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Equal distribution of trials among conditions


I have 5 conditions regarding the congruency between 3 different types of stimuli. When I run the experiment, the number of trials were not distributed to the conditions equally. Is there a way to do it?

The way I’ve most recently approached this issue is to set up a shuffled list of conditions for each type of stimulus and .pop() one from the appropriate list for each trial.

Hi There,

An easier way to do this might be to set this in the conditions trial spreadsheet you feed in - for example if I have 10 trials and I was 5 congruent and 5 incongruent - I would simply ensure that 5 rows in the conditions file corresponded to congruent and 5 corresponded to incongruent. Is there a reason that you prefer to manipulate this through code rather than from the spreadsheet?


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conditionChoice1 = [1,2,3,4,5,1,2,3,4,5,1,2,3,4,5]
conditionChoice2 = [1,2,3,4,5,1,2,3,4,5,1,2,3,4,5]
conditionChoice3 = [1,2,3,4,5,1,2,3,4,5,1,2,3,4,5]

if stimType == 1:
     thisCondition = conditionChoice1.pop()
elif stimType == 2:
     thisCondition = conditionChoice2.pop()
elif stimType == 3:
     thisCondition = conditionChoice3.pop()

where stimType is a column in the spreadsheet

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I suspect that you are re initialising the list every time. The setup and shuffle should be in Begin Experiment.

Please could you show the code you’re trying and confirm the total number of each cond_number

That’s the error I expected you to get.

When you create the conditionChoice lists in Begin Experiment you need to make sure they have enough in them for all of your trials. If you have 127 trials divided by 3 values for cond then that’s about 42 values for each. You’ll need to go slightly over if you don’t have a multiple of 5.

However, in your code I note that you have cond = 4 and 5 as well. If cond is a column in your spreadsheet then you will have problems online if you try to alter it in your code.

Does cond 4/5 need a value for thisCondition or not?

It might be worth trying to call cond and thisCondition something more different. I’m confused about what two variables you are trying to randomise here.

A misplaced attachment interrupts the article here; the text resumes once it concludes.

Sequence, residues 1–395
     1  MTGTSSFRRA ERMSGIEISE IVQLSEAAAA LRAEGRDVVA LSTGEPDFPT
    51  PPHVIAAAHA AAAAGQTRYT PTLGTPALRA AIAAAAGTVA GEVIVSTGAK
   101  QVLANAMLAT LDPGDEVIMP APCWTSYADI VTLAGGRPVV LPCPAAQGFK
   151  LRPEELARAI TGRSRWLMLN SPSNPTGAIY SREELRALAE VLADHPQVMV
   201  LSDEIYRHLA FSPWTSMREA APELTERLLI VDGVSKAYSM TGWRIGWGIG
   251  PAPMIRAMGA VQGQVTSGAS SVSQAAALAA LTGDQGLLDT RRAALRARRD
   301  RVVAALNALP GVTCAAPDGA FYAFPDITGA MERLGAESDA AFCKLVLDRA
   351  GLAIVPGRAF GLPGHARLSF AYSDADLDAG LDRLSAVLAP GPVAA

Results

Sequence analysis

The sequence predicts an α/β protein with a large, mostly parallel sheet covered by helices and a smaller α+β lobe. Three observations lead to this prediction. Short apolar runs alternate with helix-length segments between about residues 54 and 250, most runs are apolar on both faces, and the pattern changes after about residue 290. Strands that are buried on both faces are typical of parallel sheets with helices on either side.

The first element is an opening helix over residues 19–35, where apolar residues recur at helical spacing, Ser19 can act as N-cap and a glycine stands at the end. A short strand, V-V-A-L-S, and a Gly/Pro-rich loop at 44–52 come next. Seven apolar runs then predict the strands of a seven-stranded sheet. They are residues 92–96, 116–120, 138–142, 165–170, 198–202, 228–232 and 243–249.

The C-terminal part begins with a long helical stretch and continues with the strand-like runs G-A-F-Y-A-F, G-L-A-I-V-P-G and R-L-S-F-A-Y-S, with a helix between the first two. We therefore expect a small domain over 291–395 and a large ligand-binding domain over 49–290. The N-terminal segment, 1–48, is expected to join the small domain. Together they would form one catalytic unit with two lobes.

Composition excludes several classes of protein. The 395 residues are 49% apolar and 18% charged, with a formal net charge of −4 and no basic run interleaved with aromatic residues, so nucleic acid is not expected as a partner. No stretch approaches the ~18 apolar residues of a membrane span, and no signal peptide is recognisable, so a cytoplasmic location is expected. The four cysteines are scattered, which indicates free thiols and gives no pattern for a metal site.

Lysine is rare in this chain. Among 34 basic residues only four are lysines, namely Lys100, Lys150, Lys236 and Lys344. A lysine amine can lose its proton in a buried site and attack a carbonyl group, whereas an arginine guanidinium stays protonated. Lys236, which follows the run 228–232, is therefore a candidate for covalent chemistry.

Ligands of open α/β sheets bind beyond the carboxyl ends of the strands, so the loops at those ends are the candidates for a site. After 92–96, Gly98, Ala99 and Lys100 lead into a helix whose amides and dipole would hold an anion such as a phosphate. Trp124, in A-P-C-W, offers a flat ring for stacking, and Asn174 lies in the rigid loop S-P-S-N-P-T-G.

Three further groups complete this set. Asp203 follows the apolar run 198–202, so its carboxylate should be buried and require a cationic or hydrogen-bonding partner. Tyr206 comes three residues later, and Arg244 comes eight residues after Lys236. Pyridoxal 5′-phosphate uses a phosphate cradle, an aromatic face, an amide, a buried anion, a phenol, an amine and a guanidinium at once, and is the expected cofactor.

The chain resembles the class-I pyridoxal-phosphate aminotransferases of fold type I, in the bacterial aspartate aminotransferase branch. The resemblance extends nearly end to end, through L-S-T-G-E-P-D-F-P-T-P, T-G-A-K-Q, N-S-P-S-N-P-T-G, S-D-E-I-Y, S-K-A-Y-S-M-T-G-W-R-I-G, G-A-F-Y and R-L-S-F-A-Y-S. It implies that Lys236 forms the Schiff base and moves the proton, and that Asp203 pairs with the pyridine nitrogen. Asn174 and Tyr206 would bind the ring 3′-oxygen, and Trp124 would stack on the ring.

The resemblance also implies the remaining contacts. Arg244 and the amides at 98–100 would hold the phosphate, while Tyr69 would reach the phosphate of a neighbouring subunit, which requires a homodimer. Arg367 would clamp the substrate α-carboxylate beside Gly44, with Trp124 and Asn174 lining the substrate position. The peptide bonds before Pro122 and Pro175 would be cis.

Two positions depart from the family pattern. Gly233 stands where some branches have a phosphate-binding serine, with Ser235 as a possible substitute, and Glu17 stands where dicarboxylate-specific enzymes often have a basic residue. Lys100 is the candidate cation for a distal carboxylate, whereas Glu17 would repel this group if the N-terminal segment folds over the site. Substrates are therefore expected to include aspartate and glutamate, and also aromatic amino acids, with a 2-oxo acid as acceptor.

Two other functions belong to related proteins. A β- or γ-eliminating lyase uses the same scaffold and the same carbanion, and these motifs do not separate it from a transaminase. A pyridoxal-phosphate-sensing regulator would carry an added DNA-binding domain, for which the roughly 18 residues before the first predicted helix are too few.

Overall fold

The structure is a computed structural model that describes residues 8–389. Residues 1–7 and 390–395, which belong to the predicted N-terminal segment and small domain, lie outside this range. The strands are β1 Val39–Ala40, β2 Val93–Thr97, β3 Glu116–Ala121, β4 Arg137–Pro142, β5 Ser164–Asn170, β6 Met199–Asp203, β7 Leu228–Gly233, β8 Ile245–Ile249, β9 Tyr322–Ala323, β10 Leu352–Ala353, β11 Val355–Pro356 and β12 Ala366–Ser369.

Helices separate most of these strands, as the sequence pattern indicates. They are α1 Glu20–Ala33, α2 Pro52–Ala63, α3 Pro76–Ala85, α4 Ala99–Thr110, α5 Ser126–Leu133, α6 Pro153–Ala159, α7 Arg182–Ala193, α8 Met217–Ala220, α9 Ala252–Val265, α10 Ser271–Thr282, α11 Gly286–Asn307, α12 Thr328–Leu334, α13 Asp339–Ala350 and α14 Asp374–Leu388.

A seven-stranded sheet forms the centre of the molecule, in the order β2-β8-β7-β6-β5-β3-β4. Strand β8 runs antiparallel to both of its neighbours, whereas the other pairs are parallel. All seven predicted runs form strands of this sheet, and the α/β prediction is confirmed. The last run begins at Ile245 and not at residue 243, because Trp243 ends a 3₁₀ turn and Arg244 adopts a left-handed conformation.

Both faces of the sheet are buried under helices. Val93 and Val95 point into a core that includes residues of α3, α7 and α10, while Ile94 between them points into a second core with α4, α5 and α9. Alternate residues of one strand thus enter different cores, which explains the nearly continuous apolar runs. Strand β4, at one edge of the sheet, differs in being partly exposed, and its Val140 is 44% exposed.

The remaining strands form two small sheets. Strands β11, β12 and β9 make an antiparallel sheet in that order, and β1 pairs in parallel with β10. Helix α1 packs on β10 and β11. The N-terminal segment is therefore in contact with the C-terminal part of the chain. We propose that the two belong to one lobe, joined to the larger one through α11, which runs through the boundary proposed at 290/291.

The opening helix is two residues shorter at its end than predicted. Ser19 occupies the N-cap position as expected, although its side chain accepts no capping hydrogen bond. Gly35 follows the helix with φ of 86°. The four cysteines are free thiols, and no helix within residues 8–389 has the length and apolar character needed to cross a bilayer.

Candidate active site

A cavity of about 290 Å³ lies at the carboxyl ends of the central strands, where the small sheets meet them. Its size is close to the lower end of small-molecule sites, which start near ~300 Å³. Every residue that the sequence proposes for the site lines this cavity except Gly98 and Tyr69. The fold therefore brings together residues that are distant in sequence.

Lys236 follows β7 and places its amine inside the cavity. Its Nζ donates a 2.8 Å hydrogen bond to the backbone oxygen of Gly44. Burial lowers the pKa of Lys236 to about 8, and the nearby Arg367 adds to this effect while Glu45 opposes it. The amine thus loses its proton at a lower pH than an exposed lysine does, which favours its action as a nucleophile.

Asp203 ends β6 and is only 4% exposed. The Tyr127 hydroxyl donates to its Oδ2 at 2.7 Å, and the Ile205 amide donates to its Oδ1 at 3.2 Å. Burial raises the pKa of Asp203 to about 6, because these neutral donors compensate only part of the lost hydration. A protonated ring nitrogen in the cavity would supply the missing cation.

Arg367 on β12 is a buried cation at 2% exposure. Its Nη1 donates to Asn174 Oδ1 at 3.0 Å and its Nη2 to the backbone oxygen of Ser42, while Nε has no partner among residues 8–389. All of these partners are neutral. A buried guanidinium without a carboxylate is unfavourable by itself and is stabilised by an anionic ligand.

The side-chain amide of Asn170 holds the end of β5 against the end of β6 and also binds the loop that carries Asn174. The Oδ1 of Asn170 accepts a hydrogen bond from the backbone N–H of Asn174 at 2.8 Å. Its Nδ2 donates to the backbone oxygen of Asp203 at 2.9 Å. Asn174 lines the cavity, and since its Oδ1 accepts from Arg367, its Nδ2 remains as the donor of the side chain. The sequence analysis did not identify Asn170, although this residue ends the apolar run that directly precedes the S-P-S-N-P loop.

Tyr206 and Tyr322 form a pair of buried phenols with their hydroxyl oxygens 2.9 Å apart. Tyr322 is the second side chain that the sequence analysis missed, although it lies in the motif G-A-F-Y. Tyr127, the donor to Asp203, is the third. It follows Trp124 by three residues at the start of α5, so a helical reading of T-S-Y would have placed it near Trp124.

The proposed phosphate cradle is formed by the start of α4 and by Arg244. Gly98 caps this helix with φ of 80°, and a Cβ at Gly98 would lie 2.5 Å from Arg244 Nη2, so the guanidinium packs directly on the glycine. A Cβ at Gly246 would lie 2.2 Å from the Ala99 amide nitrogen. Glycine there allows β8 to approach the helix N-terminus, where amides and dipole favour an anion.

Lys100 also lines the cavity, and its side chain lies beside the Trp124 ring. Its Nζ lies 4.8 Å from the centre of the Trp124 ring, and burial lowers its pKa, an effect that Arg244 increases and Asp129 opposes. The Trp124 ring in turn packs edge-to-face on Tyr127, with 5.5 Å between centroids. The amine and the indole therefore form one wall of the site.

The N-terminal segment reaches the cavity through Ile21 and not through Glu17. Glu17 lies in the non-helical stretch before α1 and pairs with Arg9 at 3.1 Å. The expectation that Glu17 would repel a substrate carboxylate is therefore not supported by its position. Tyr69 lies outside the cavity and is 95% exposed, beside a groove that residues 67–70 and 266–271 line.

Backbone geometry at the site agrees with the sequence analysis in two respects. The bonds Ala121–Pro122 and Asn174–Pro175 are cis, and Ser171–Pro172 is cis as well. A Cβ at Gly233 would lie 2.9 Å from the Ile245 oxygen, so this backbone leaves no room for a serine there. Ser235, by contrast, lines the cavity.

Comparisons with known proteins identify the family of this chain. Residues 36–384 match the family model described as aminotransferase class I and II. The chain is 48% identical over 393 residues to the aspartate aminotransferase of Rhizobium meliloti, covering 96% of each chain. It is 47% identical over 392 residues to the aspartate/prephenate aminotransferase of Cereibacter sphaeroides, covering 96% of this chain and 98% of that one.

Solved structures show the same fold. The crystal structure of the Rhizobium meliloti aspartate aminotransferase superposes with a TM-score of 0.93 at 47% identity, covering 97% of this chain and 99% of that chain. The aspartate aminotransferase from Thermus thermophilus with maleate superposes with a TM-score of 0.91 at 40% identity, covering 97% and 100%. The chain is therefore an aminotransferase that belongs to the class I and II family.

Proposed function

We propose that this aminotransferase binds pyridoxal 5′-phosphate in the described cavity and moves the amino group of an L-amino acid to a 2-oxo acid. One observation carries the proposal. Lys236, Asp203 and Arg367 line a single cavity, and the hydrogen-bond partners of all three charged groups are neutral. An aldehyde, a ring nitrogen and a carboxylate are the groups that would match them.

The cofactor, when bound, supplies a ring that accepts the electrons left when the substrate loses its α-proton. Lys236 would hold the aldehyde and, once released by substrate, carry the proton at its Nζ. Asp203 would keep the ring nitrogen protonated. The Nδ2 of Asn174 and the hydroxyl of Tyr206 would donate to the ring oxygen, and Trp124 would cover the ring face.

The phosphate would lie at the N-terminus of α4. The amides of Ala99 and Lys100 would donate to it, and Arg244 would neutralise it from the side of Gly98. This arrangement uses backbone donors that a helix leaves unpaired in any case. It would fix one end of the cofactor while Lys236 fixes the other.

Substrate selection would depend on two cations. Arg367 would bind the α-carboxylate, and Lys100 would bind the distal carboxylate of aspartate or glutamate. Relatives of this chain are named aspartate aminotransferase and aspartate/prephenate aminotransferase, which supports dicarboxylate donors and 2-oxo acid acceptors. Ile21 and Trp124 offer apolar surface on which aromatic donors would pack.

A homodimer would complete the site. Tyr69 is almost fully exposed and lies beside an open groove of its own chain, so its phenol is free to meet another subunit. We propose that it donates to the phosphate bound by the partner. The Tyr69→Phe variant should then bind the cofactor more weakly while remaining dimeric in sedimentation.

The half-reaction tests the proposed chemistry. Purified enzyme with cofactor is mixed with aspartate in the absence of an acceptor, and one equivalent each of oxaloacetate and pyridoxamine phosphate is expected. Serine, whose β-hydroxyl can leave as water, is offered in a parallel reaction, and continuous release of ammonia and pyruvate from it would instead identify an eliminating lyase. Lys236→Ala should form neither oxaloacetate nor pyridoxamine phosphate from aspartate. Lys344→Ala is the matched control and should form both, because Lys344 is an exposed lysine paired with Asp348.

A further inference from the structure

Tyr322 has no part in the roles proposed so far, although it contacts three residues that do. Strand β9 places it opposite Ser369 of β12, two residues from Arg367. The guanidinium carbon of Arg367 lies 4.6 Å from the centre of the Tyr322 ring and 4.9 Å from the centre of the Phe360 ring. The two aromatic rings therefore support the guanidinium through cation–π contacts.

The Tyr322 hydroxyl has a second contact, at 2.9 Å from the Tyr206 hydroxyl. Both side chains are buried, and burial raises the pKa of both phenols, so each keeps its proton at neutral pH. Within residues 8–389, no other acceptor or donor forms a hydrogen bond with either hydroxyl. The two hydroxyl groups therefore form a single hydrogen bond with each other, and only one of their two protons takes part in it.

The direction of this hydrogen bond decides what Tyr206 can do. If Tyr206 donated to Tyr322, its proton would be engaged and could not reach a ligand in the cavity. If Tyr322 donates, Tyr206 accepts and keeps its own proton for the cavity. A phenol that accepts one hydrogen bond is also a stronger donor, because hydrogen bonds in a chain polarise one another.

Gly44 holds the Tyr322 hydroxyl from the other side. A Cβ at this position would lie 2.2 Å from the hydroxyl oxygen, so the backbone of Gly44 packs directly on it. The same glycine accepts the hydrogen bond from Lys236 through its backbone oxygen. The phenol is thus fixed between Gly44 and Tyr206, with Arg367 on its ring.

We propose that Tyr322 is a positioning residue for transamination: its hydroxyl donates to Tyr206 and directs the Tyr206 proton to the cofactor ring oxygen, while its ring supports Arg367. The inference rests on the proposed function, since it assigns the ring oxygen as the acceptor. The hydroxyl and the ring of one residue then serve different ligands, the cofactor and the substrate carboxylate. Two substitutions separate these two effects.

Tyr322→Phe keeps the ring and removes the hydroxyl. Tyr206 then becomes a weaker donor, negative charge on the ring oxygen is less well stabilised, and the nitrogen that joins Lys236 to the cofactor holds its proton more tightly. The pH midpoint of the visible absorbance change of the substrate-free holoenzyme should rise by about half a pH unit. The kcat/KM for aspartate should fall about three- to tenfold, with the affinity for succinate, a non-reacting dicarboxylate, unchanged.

If this is true then you need more than 30 items in conditionChoice2.

Yes I do not understand why this happens.

Can it be due to the fact that probablity of having condition 2 is somehow more than the others?

How many times does condition 2 occurs in your 127 trials? If you can’t work that out, then you should step back and think about how your conditions are defined.

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This is a fun little exercise in probability. As I understand it, you have three categories of stimuli: images, words, and square. Congruency is defined by the matching index values between the three categories of stimuli. If this is right, then here’s one approach from my end:

1. Generate and group into conditions all possible triplet combinations
Just as was noted in this post’s discussion, there’s an uneven amount of triplets per condition when you group together the triplets. To prevent an uneven distribution, you should explicitly sample from each condition group, as sampling independently from each stimulus category (i.e., choose a random image, random word, and random square out of options 1-6) will likely return a triplet that falls under the all-incongruent condition. This is because, out of 216 possible combinations (because you have [6 options] to the power of [3 chosen]), 120 out of 216 triplets are all-incongruent.

So, how can we do this? Using two key elements:

  • The handy itertools package’s product function
  • Numpy's unique function, which you can use to analyze the occurrence of elements in the triplet (or any other array)
from itertools import product
import numpy as np

# set up the options (1-6 images or words or imagery)
dataset = ['1', '2', '3', '4', '5', '6']

# initialize arrays to hold triplets per condition
cond1 = [] # all congruent
cond2 = [] # all incongruent
cond3 = [] # first two congruent (e.g., 1-1-2)